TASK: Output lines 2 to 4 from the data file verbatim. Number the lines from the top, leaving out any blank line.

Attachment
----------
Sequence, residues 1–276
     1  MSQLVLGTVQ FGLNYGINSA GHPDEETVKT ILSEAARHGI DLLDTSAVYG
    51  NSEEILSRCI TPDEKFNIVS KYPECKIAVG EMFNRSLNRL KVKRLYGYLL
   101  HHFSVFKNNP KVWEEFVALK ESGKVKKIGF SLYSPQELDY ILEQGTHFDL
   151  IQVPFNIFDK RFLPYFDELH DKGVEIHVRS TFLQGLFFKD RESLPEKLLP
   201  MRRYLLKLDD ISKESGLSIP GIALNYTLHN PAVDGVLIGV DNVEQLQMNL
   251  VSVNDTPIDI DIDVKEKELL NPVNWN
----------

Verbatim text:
     1  MSQLVLGTVQ FGLNYGINSA GHPDEETVKT ILSEAARHGI DLLDTSAVYG
    51  NSEEILSRCI TPDEKFNIVS KYPECKIAVG EMFNRSLNRL KVKRLYGYLL
   101  HHFSVFKNNP KVWEEFVALK ESGKVKKIGF SLYSPQELDY ILEQGTHFDL